By Alan Burke
---- — PEABODY — Good intentions and modern lifestyles are combining to make an intolerable situation for ticket takers serving Peabody High School sports. It’s bad enough that the School Committee is acknowledging a need to re-examine current policies.
“Our ticket takers don’t make a lot of money,” athletic director Phil Sheridan said during a recent meeting of the School Committee, “and they get yelled at constantly.”
It’s the public doing the yelling, he said, and their complaints are largely sparked by a department policy dating from 2007 and meant to give free passes to parents of athletes. The system has produced multiple problems, according to Sheridan.
“What we’re running into now,” he said, “is the blended family. Mom will come in with her new husband, and they want to get in for free. And then dad will come in with his new wife, and they want to get in for free, too. And we get yelled at.”
In addition, he said, parents sometimes give their tickets to the kids, who aren’t eligible. Or they leave the tickets at home and expect to get in anyway.
“There’s possible fraud,” said board member Brandi Carpenter, who had asked for the report on gate receipts. “Because they can just duplicate the tickets.”
The problem seems particularly troublesome at the McVann-O’Keefe Memorial Skating Rink, a facility actually owned by the state, which demands a percentage of the gate sales. Thus, when parents attend hockey games for free, Sheridan said, the rink still expects a share of that $7 ticket price. (Adults pay $5 at football games and $4 at basketball games.)
While stressing that he does not oppose the spirit of the free ticket policy, Sheridan estimated that it was responsible for $4,000 in lost revenue. He showed more concern, however, about the abuse the staff has had to take because of it.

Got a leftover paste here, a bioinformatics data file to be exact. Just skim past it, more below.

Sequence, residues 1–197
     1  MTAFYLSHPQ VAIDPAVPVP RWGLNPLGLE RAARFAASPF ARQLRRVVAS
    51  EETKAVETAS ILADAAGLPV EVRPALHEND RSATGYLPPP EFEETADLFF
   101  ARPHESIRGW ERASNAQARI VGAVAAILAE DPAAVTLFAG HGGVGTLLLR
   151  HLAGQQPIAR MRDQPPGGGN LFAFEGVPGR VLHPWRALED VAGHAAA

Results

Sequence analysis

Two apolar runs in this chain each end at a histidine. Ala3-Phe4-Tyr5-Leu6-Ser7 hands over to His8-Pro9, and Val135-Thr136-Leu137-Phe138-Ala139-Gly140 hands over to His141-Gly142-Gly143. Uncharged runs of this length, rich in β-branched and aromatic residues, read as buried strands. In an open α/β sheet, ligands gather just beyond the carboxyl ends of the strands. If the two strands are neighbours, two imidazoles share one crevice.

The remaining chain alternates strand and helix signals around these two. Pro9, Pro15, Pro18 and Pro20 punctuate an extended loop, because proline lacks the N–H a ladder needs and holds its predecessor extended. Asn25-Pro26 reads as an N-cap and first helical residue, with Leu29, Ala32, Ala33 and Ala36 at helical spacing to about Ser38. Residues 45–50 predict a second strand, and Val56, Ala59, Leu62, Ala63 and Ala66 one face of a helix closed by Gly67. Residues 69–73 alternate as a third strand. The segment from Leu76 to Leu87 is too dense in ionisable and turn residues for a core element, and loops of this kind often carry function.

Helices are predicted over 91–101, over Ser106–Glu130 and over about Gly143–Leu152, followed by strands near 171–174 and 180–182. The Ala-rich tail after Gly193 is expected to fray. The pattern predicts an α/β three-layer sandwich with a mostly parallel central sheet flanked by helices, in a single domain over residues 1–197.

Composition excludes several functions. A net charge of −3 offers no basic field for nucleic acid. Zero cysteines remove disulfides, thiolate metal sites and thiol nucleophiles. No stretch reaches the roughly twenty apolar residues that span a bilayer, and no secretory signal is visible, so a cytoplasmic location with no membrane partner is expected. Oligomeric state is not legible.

“It’s a situation where the best-laid plans have gone astray,” board member Dave McGeney said. “We’re not trying to hit the parents again, but somehow this has to be made up.”
The rationale for providing the free ticket is fairness. In most cases, parents have already contributed a substantial fee in order for their kids to play sports.
Member Dave Charest was quick to acknowledge this.
“I think we need to keep in mind that the parents are paying,” he said, adding, “I do believe we need to look at this.”
“It wouldn’t be fair to ask the parents to give up their free tickets,” Carpenter said.
“Obviously, it isn’t working if people are yelling at ticket takers,” member Beverley Ann Griffin Dunne said.
“If we didn’t charge at the gate, we’d have higher user fees,” member Jarrod Hochman said.
Member Tom Rossignol noted another unfairness — that the fees paid by students in programs like track and cross country far exceed the amount needed for those sports and thus are used to offset the cost of expensive sports like football and hockey. “A basketball game should basically cost us nothing.”
There were questions about the fact that some activities at the skating rink are free. For example, Carpenter pointed out that Bishop Fenwick High School was recently able to play at the rink, and no fee was charged.
“Was it Merry Christmas?” she asked.
Sheridan explained that he’d been told, “Bishop Fenwick’s ice hockey team is not considered a varsity team yet.” Consequently, it was not charged. He was careful to note, “We have a terrific relationship with the rink management.”
Despite the difficulties and relatively low ticket prices, Sheridan said he’s already reached his goal of $18,000 in gate receipts with a few games yet to come.